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How to Cope When Responsibilities Increase at Work

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How to Deal with Increased Responsibility at Work

A new job, a new promotion, a new project…

You dream about these goals and you hatch plans to make them a reality. But you may also feel a degree of inner resistance. 

Because you know that stepping into more responsibility at work will bring increased pressure. You worry about facing new challenges like: 

  • Office politics
  • Dealing with more aggressive personalities
  • Having so much riding on your decisions and behaviors
  • Knowing that more people are counting on you

…Or a combination of all of the above.

You may wonder if you have the emotional fortitude to withstand the pressure of your new opportunity.

The good news? You absolutely do.

Here are strategies that will help you rise to the occasion like the top-performer you are.

How to Cope with Increased Responsibility at Work

Shift from execution to empowerment

When you step into more responsibility, you’ll likely have to remove yourself from the day-to-day execution you’re used to and move towards strategy and people management. Instead of being the one doing the work, you’re the one empowering and influencing the people above, below, and across from to do what needs to be done.

This isn’t always easy. Sensitive Strivers who find themselves with more responsibility can get so sucked into over-functioning. They take on so many of the day-to-day tasks themselves, that their team doesn’t learn how to function independently. In an attempt to accomplish everything they did before and their new tasks, these Sensitive Strivers find they’ve painted themselves into a corner, crushed under the burden of expectations and an increased workload.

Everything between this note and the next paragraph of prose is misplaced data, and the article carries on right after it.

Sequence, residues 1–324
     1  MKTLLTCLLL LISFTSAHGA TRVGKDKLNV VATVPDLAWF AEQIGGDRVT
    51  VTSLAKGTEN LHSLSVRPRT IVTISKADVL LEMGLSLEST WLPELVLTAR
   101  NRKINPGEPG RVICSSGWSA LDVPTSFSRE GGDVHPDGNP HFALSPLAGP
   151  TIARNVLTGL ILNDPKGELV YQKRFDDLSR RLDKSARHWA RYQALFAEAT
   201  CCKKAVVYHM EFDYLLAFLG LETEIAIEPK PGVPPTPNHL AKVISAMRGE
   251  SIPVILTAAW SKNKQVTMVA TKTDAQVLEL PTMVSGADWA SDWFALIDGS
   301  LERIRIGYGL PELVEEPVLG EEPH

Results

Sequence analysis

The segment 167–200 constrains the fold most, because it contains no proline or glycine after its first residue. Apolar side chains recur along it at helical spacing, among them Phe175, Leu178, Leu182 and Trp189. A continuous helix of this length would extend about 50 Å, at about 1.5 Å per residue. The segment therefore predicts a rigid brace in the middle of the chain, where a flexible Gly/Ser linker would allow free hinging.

In order to succeed, the expectations you hold yourself to need to change because what got you here, won’t get you there.

Recognize what others see in you

Remember, you’re the only one who can see all of the insecurities whirling around your head. You may feel paranoid that senior leaders are judging you during your morning meeting, or that your boss is judging you for not having an answer during a 1:1. But you’re the only one who knows you feel that way. Everyone in your orbit sees you as the competent, capable professional you are.

So try to reconsider how other people actually see you. This can be eye-opening, particularly when you discover that they’ve picked up on strengths that you didn’t even realize you had. And knowing that other people think you excel in certain areas can make it far easier for you to call on those strengths when you need to.

Root into your resilience

Perhaps you’ve been the one tasked with overseeing a vital project and have had to deal with dissenting co-workers. Or maybe you had the pressure of senior executives who have changed the goalposts on a project right before the deadline. When chaos hits and your initial response is, “I can’t do this, I can’t handle this”, know that you can. Because you already have.